For Aránzazu González Bernardo and Michael Norman Fohring, founders of Toronto-based architectural and interior design studio Odami, naming their business was an act of sefless relinquishment. The two wanted to find a name for their studio that would suit their visions, something that would be aesthetically harmonious but not influenced by ego. “We wanted to completely dissociate the practice’s identity from the two of us,” Fohring recounts.
Since the partners (in both senses of the word) founded Odami in 2017, they’ve dipped their toes into residential, restaurant, and retail architecture, as well as furniture design. Their work in these divergent realms is bound by a philosophy of empathy—a tireless attempt to create in a way that pays respect to context, client, environment, and material. They’re less interested in finding a distinctive style and imposing it on their projects. Instead, they use each opportunity to find a creation that cultivates a sense of timelessness.
The studio’s unique perspective comes from the merging of the founders’ different backgrounds. González Bernardo obtained her degrees at the Universidade da Coruña in Northern Spain, gaining insight from the region’s long architectural history, whereas Fohring studied under the Canadian tradition at McGill in Montreal. Under the Spanish tradition, González Bernardo learned the importance of the technical details of construction and context, while Fohring brought nuance to his studies with time spent working in construction, learning about materiality in a hands-on way and experimenting with furniture-making by using scraps he scavenged from sites.
As a result, Fohring leans toward the experimental, as well as to visually strong and creative presentations, while González Bernardo emphasizes context, light, and construction detailing. “We have these almost opposed visions that, when brought together, result in a very formal process of construction supplemented by abstraction. Something that is constrained but at the same time playful,” she says.
Odami’s creations flow effortlessly into their spaces but still resonate with an invigorating distinctiveness. A house they designed in Deer Park held onto its century-old bones while making room for bursts of contemporariness. The smoothness of a bright, open interior is offset by subtle visually compelling details: the marbleized column panelling of a fireplace, the bottom step of a stairway that juts out slightly beyond the railing, a cavernous bathroom flush with mirror and stone.
The pair highlight that honouring the structure’s history was important to their process—to just raze everything and build anew would have been a missed opportunity. “We consider our work contemporary, but contemporary doesn’t have to mean a black box made of glass. It’s contemporary to understand the evolution of things and preserve what you want to preserve,” González Bernardo stresses.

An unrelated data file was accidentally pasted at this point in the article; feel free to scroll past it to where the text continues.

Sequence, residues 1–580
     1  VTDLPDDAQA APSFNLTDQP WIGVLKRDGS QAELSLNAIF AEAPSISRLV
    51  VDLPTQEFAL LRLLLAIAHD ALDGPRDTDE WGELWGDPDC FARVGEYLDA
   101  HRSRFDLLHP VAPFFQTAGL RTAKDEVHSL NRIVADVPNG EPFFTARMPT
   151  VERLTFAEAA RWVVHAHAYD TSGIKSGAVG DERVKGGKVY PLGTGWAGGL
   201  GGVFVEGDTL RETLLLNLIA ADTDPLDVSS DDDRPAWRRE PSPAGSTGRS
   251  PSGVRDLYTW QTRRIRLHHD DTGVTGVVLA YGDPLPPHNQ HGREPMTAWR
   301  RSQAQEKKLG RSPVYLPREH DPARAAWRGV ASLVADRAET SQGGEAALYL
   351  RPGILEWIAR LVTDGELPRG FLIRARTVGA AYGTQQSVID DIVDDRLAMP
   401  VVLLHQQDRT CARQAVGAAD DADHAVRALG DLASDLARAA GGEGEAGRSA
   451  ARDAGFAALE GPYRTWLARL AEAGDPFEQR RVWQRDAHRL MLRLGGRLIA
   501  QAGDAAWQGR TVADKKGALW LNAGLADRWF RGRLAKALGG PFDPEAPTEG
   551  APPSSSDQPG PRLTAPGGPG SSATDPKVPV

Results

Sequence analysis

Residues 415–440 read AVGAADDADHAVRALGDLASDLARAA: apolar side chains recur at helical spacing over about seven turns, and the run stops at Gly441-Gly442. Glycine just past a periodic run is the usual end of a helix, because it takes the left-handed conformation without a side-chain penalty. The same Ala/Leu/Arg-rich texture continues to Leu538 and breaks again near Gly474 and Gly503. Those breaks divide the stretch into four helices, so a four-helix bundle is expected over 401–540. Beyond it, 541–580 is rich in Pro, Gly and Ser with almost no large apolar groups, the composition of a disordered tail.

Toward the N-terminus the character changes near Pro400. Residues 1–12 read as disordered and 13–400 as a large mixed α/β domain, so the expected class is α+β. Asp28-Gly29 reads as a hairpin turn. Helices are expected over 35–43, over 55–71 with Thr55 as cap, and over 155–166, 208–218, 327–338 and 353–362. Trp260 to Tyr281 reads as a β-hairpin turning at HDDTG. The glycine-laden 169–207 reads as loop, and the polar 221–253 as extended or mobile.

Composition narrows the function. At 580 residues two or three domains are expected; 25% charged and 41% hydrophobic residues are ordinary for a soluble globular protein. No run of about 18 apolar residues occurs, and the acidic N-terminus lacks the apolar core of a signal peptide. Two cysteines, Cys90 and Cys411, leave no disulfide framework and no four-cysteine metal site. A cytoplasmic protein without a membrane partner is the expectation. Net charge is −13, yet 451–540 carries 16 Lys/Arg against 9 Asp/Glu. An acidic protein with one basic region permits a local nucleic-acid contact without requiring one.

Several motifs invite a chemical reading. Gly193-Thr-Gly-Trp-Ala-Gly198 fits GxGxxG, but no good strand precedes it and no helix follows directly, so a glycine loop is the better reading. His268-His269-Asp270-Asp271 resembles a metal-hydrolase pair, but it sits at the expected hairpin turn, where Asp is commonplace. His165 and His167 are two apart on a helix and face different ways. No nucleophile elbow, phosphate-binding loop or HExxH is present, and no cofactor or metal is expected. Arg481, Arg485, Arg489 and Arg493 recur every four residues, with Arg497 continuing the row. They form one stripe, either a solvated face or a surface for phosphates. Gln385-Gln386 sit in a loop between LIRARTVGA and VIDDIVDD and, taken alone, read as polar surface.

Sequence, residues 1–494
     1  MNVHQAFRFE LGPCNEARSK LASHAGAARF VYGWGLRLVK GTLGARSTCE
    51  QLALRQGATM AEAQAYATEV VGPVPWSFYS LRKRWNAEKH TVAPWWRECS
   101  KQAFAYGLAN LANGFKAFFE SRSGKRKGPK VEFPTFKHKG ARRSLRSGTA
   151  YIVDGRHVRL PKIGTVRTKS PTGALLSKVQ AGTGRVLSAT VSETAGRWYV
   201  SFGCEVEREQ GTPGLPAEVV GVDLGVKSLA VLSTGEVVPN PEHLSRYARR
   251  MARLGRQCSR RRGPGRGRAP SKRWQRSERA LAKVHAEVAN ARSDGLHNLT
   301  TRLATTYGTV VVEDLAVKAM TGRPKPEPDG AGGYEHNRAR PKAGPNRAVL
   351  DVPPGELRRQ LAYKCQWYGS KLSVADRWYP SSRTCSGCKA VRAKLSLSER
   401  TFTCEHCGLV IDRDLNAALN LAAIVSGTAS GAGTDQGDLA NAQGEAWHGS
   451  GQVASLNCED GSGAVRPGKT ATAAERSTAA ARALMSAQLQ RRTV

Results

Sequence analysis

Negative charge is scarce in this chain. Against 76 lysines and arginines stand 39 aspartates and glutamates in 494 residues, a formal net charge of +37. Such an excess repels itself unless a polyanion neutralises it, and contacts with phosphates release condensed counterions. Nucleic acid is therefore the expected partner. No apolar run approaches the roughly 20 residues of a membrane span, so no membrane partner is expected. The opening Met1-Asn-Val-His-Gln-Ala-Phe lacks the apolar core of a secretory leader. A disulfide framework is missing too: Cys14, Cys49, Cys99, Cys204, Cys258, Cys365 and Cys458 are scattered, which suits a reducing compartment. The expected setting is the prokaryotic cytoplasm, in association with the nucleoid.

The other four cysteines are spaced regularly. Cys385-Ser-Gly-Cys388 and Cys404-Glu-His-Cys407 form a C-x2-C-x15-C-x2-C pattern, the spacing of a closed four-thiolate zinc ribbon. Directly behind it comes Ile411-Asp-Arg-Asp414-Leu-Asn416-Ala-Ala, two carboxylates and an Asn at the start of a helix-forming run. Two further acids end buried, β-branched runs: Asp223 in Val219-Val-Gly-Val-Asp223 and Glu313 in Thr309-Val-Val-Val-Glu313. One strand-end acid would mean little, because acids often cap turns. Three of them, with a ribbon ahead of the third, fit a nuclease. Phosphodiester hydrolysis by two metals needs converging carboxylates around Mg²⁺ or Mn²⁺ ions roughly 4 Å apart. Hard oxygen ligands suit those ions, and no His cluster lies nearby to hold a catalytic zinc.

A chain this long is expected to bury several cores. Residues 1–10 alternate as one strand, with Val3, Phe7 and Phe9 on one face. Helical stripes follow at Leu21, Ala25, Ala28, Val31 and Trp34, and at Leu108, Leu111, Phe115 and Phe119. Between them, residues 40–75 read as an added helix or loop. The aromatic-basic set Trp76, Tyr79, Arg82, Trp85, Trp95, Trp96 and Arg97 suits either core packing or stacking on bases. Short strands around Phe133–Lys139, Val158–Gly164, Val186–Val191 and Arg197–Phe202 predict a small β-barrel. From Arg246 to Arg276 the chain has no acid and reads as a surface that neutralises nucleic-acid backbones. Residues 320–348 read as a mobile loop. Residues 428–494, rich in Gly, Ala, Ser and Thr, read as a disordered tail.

Preservation was an important part of Odami’s first project, the renovation of downtown restaurant SARA. On the exterior, the pair removed decades’ worth of paint to reveal the secret skeleton of a beautiful brick building underneath, which they brought back to life. On the interior, a custom-plastered ceiling stretches high above diners, conjuring images of seaside caverns. The subdued colour palette was inspired by a walk along Lake Ontario, where the two admired the simple beauty of stones and sand. These feelings of awe toward history, space, and materials create opportunities for subtly dazzling designs. “For us, it’s all about finding opportunities in everyday situations, trying to do things that are beautiful and that work,” the pair reveal.
This strategic balance is perhaps epitomized by the reception desk Odami designed for the lobby of the Drake Hotel. The challenge was to create an object with a feeling of character and import that didn’t compete with its surroundings, the eclectic mix of styles and colours that make up the Drake’s interior. “Sometimes constraints give the best answers to designers,” González Bernardo reflects. Out of pliant Corian thermoform material, the two sculpted columns are full of sensuous curves, creating a flowing sculpture that matches beauty with functionality.
Founding a design firm in your early 30s might be a leap of faith, but the two are grounded in a sensibility and ethos well beyond their years. “We believe that architecture and design are very important exercises of empathy,” González Bernardo says wisely. “We go through the effort of being empathetic to the client, the space, the light, the materials, all the things that create a very rich dialogue, to find something that belongs.”
Photos by Kurtis Chen (SARA restaurant) and Doublespace photography (Deer Park House).